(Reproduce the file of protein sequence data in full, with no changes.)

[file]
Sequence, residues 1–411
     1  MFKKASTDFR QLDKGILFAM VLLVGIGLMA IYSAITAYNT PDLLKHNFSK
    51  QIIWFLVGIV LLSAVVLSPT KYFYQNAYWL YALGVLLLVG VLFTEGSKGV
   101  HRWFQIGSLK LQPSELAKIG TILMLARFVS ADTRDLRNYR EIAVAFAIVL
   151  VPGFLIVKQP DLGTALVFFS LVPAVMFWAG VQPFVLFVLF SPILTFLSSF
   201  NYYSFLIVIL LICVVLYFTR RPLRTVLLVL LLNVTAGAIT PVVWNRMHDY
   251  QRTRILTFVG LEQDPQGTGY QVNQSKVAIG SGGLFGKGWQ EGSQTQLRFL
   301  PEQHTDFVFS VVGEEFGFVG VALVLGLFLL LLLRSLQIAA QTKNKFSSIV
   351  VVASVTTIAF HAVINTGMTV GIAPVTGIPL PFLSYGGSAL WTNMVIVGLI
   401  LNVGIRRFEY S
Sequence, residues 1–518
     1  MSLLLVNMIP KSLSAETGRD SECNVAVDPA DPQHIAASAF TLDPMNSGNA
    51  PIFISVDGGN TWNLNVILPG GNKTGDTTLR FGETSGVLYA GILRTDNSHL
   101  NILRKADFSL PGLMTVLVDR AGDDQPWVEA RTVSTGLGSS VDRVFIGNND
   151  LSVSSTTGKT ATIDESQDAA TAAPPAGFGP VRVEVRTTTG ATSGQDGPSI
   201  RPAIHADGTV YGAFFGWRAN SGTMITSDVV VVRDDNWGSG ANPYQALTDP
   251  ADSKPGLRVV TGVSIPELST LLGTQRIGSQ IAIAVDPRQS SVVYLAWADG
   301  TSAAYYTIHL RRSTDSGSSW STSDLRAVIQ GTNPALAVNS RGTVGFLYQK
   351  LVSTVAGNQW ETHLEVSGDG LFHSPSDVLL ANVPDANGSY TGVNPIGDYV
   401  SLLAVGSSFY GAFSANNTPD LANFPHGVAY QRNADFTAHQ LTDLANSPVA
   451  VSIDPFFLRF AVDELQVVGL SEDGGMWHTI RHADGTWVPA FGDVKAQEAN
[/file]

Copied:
Sequence, residues 1–411
     1  MFKKASTDFR QLDKGILFAM VLLVGIGLMA IYSAITAYNT PDLLKHNFSK
    51  QIIWFLVGIV LLSAVVLSPT KYFYQNAYWL YALGVLLLVG VLFTEGSKGV
   101  HRWFQIGSLK LQPSELAKIG TILMLARFVS ADTRDLRNYR EIAVAFAIVL
   151  VPGFLIVKQP DLGTALVFFS LVPAVMFWAG VQPFVLFVLF SPILTFLSSF
   201  NYYSFLIVIL LICVVLYFTR RPLRTVLLVL LLNVTAGAIT PVVWNRMHDY
   251  QRTRILTFVG LEQDPQGTGY QVNQSKVAIG SGGLFGKGWQ EGSQTQLRFL
   301  PEQHTDFVFS VVGEEFGFVG VALVLGLFLL LLLRSLQIAA QTKNKFSSIV
   351  VVASVTTIAF HAVINTGMTV GIAPVTGIPL PFLSYGGSAL WTNMVIVGLI
   401  LNVGIRRFEY S
Sequence, residues 1–518
     1  MSLLLVNMIP KSLSAETGRD SECNVAVDPA DPQHIAASAF TLDPMNSGNA
    51  PIFISVDGGN TWNLNVILPG GNKTGDTTLR FGETSGVLYA GILRTDNSHL
   101  NILRKADFSL PGLMTVLVDR AGDDQPWVEA RTVSTGLGSS VDRVFIGNND
   151  LSVSSTTGKT ATIDESQDAA TAAPPAGFGP VRVEVRTTTG ATSGQDGPSI
   201  RPAIHADGTV YGAFFGWRAN SGTMITSDVV VVRDDNWGSG ANPYQALTDP
   251  ADSKPGLRVV TGVSIPELST LLGTQRIGSQ IAIAVDPRQS SVVYLAWADG
   301  TSAAYYTIHL RRSTDSGSSW STSDLRAVIQ GTNPALAVNS RGTVGFLYQK
   351  LVSTVAGNQW ETHLEVSGDG LFHSPSDVLL ANVPDANGSY TGVNPIGDYV
   401  SLLAVGSSFY GAFSANNTPD LANFPHGVAY QRNADFTAHQ LTDLANSPVA
   451  VSIDPFFLRF AVDELQVVGL SEDGGMWHTI RHADGTWVPA FGDVKAQEAN